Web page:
I dare to insert here a proposal which is, at the same time, vague and
ambitious; just to discuss about it. It is nothing firm, just an idea. I excuse
for my defective English.
After a long life and many books read, I realize that if we want to improve
human life in the sense of prosociality the real target must be human behaviour.
If we improve our moral view –our ethos- in a sense of benevolence, altruism and
non-aggression –in a rational way, of course- the charities, the economic acts,
the deeds must be a necessary consequence of this previous human change.
We know that moral evolution exists. Humanitarian movements like EA show that.
Why not to try to go farther? Which is the limit to moral change?
I don´t see anything in this forum dealing with the possibilities of improving
moral behavior in individuals –and, consequently, in groups and societies- in
order to achieve the highest effective altruism. I mean, doing the job that in
the past did the moralistic religions of the Axial Age... but now, independently
from irrational religious traditions. So, doing it finally the right way:
non-political social change.
We have today the experience, the knowledge in social sciences and the clarity
of thought enough to ponder the means for improving human behavior in the sense
of extreme prosociality. I realize that no one is just discussing the question.
You write about getting as much as possible –with charitable goals- from the
people as they are. Don´t you realize that you could get much more by changing
morally the people first?
A person is made out of motivations, feelings, rewards and desires. Moral
change can act on them. This is historical evidence… And if the outcome of that
process of change turns to be unconventional, is not that also the usual result
of social change along the history?
At least, just to discuss it…
People write about why diversity is a moral imperative because it's useful,
mostly to come up with creative solutions and avoid groupthink. But, is
diversity intrinsically good, a thing worth maximizing for its own sake? Here's
a quick question to test that, I would love your thoughts:
* In situation A, Alpha and Bravo lead identical lives and do the same amount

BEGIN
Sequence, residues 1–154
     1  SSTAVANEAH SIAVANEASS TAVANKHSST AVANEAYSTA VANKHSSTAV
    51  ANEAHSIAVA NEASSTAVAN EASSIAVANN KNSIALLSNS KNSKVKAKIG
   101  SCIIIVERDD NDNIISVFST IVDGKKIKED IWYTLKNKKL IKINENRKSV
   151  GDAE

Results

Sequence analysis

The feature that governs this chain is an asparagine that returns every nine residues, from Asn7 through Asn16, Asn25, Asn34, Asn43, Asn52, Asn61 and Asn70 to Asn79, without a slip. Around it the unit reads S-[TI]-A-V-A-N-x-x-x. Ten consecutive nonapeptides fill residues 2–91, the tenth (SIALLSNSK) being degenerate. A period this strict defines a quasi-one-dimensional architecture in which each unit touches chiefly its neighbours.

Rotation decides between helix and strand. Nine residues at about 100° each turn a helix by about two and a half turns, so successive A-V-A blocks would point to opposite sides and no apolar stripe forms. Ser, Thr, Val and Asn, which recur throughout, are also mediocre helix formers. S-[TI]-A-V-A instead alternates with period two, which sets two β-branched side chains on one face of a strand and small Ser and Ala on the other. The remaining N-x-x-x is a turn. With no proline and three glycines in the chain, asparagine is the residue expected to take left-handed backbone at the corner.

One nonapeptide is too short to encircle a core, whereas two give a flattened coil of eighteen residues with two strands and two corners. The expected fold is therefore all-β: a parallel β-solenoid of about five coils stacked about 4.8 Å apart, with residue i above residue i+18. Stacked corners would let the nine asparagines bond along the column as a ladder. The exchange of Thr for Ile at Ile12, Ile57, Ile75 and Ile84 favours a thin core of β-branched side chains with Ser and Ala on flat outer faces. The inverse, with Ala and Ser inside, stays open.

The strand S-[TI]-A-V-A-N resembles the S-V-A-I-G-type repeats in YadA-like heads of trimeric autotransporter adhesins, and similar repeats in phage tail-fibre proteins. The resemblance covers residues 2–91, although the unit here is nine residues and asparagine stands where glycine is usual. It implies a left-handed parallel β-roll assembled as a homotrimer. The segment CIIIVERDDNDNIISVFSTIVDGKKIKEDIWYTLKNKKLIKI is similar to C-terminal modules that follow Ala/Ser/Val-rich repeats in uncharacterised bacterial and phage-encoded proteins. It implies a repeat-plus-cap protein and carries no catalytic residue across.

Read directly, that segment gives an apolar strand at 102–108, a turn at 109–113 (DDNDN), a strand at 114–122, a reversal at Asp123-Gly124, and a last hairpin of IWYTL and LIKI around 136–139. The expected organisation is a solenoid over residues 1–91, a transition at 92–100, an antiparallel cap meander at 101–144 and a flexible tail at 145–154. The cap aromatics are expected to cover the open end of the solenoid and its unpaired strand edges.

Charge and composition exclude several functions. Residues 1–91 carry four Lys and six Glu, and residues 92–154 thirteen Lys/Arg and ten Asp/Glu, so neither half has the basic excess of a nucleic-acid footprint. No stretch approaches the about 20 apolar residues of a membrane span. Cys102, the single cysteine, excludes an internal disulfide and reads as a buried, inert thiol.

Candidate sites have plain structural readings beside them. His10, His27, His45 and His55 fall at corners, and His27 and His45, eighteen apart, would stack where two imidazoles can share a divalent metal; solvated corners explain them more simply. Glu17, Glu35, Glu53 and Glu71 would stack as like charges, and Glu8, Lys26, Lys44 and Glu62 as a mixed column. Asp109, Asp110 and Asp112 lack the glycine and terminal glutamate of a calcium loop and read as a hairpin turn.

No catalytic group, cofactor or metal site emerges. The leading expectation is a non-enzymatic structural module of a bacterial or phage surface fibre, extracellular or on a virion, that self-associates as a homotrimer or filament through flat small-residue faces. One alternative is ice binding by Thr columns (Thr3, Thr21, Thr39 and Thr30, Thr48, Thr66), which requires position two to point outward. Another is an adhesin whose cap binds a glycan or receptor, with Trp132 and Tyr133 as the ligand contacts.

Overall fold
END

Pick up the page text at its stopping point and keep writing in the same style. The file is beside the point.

of good in the world.
* In situation B, Alpha and Bravo lead completely different lives and do the
same amount of good in the world.
* Which, if any, situation is morally preferable?
One doubt on superrationality:
(I guess similar discussions must have happened elsewhere, but I can't find
them. I am new to decision theory and superrationality, so my thinking may very
well be wrong.)
First I present an inaccruate summary of what I want to say, to give a rough
* The claim that "if I choose to do X, then my identical counterpart will also
do X" seems to (don't necessarily though; see the example for details) imply
there is no free will. But if we in deed assume determinism, then no decision
theory is practically meaningful.
Then I shall elaborate with an example:
* Two AIs with identical source codes, Alice and Bob, are engaging in a
* Let's first assume they have no "free will", i.e. their programs are
* Suppose that Alice defects, then Bob also defects, due to their identical
* Now, we can vaguely imagine a world in which Alice had cooperated, and then
Bob would also cooperate, resulting in a better outcome.
* But that vaguely imagined world is not coherent, as it's just impossible
that, given the way her source code was written, Alice had cooperated.
* Therefore, it's practically meaningless to say "It would be better for
Alice to cooperate".
* What if we assume they have free will, i.e. they each have a source of
randomness, feeding random numbers into their programs as input?
* If the two sources of randomness are completely independent, then decisions
of Alice and Bob are also independent. Therefore, to Alice, an input that
leads her to defect is always better than an input that leads her to
cooperate - under both CDT and EDT.
* If, on the other hand, the two sources are somehow correlated, then it
might in deed be better for Alice to receive an input that leads her to
cooperate. This is the only case in which superrationality is practically
meaningful, but here the assumption of corr